In the hope of reducing costs, the members of the Joint Sewer Board of the Gloversville-Johnstown Joint Wastewater Treatment Facility have decided to go out for a second round of bids for a multimillion-dollar upgrade project at the plant.
New bids for the project are due to be opened April 15.
Plant Manager George Bevington said the sewer board conducted a special meeting last week to look at bids requested Feb. 19 for the upgrade project, which would build a new treatment system called “dissolved air flotation,” install new dewatering equipment and co-generation engines at the plant and replace its 90,000-gallon whey storage tank with a 200,000-gallon tank. He said the low bids for the different components of the project totaled approximately $5.2 million, including a $4.3 million general construction bid from Blue Heron Construction of Weedsport, a $280,000 bid for heating construction from General Mechanical of Halfmoon, a $646,000 bid for electrical work from Gross Electrical of Queensbury and a $64,690 bid for plumbing work from Adirondack Plumbing of Broadalbin.
Bevington said board members believe they can get a better general contractor price by going out to bid again. He said the terms of a $2.2 million U.S. Economic Development Administration grant awarded to help pay for the project also require at least two bids for every part of the project and there was only one bid for heating.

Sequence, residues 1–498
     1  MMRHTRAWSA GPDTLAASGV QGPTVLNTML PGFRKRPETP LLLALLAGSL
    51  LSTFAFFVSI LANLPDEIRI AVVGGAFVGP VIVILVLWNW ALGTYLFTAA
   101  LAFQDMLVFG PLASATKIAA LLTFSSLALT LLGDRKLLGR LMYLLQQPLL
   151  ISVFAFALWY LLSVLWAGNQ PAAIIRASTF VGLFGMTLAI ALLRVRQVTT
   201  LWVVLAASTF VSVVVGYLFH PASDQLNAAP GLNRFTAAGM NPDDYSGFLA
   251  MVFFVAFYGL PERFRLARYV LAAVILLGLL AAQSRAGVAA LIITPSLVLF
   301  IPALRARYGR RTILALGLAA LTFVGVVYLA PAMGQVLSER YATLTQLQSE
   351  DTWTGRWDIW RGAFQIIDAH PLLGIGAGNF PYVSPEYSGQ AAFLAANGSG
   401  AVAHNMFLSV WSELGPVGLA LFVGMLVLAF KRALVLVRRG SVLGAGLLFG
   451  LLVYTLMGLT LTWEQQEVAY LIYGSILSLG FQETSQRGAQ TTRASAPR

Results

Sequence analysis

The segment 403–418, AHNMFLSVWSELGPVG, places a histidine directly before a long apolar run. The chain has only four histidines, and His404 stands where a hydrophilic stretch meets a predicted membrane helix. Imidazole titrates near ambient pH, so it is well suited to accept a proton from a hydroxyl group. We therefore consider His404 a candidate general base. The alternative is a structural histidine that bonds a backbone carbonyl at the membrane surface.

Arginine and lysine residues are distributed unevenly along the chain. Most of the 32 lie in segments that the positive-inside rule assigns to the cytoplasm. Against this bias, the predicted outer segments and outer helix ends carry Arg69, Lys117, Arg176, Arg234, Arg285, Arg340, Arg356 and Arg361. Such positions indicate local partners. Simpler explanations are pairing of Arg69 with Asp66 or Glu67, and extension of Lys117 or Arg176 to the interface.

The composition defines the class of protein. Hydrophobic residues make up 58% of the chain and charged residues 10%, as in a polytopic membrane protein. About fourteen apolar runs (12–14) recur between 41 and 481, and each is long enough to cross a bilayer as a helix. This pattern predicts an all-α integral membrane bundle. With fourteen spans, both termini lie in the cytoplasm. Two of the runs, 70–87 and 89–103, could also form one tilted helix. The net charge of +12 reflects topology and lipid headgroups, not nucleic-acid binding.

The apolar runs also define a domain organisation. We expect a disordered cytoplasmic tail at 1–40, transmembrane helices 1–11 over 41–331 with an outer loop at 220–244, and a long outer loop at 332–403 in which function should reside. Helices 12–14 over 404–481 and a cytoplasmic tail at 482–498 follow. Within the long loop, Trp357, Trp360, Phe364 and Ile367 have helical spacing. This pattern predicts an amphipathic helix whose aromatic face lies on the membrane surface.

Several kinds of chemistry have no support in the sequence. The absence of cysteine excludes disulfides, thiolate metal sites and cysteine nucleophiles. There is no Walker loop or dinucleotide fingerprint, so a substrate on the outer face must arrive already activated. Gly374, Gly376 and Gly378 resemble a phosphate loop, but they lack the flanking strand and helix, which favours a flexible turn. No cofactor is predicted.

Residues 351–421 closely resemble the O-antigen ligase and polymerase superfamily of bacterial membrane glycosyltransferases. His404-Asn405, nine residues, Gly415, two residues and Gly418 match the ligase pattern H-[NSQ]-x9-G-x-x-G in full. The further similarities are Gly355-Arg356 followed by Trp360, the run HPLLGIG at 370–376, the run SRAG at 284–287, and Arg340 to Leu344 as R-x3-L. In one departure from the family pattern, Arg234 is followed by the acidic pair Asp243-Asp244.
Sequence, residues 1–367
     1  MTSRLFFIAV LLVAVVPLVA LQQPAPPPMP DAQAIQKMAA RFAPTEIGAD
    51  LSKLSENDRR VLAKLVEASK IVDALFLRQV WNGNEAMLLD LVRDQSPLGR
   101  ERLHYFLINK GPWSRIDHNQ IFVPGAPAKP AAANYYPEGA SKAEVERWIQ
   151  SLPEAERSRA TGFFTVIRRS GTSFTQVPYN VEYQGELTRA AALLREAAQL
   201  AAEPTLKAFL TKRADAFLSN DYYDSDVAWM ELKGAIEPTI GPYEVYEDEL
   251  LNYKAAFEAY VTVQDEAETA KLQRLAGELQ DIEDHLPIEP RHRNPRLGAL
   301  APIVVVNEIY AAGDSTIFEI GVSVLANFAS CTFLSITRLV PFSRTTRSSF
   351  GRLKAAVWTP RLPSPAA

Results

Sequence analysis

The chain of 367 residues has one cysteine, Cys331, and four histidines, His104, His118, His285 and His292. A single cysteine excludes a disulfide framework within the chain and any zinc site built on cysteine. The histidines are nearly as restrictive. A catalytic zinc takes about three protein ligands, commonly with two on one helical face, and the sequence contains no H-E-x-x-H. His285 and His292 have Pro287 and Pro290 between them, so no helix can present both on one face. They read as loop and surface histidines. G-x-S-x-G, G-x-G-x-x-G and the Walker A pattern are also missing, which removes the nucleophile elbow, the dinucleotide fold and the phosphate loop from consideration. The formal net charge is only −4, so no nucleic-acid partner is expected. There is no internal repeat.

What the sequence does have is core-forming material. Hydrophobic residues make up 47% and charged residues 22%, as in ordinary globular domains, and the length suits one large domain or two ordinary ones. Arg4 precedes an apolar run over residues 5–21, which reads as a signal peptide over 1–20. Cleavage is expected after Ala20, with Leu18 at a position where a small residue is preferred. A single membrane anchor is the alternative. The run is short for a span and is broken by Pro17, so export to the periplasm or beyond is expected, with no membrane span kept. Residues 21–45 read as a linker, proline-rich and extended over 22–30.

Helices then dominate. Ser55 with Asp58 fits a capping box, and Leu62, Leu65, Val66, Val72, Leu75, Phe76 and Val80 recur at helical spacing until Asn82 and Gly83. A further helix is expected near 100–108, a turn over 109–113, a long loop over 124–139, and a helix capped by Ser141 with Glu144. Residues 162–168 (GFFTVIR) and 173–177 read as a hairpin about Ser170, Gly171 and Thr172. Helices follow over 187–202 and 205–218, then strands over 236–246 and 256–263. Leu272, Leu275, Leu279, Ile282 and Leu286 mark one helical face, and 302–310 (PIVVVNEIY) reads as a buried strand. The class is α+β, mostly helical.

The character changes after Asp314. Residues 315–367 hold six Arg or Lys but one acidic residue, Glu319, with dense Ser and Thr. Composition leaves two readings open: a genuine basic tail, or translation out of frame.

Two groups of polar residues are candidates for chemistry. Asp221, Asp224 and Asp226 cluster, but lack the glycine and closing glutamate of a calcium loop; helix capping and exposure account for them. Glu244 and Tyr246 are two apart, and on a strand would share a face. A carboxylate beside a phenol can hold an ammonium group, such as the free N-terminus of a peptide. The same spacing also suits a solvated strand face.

“Supposedly contractors are hungry right now, but this project might be too big for smaller contractors, it might be too small for bigger contractors, so it might just be an in-between project,” Bevington said. “And possibly the bid opening was scheduled when another wastewater plant’s bids were being opened, so we’re hopefully hitting a better cycle right now.”
Officials said the wastewater treatment plant needs to be upgraded to accommodate dairy production waste from the Fage U.S.A. yogurt plant and the Euphrates cheese manufacturing plant, both located in the Johnstown Industrial Park.
Bevington said the wastewater treatment plant’s 90,000-gallon whey storage tank won’t be enough to accommodate anticipated growth at those plants.
“It’s not overflowing now, but there are operational difficulties. You want a larger tank. They discharge Monday through Friday. We need to treat that over seven days, so we need storage to make it through the two- or three-day weekends,” Bevington said.
In addition to the USEDA grant, the wastewater treatment plant has also received a $1.4 million grant for the project from the New York State Energy Research & Development Authority because of the clean energy the plant will be able to generate using the treated whey.
“It gets pumped to our digester for treatment, where we make biogas out of it and help generate electricity at our plant,” Bevington said.
The city of Johnstown is expected to issue municipal bonds to pay for the remainder of the project’s costs after application of the two grants. Bevington said he’s also looking to apply for grant money for green projects from the $787 billion federal stimulus package.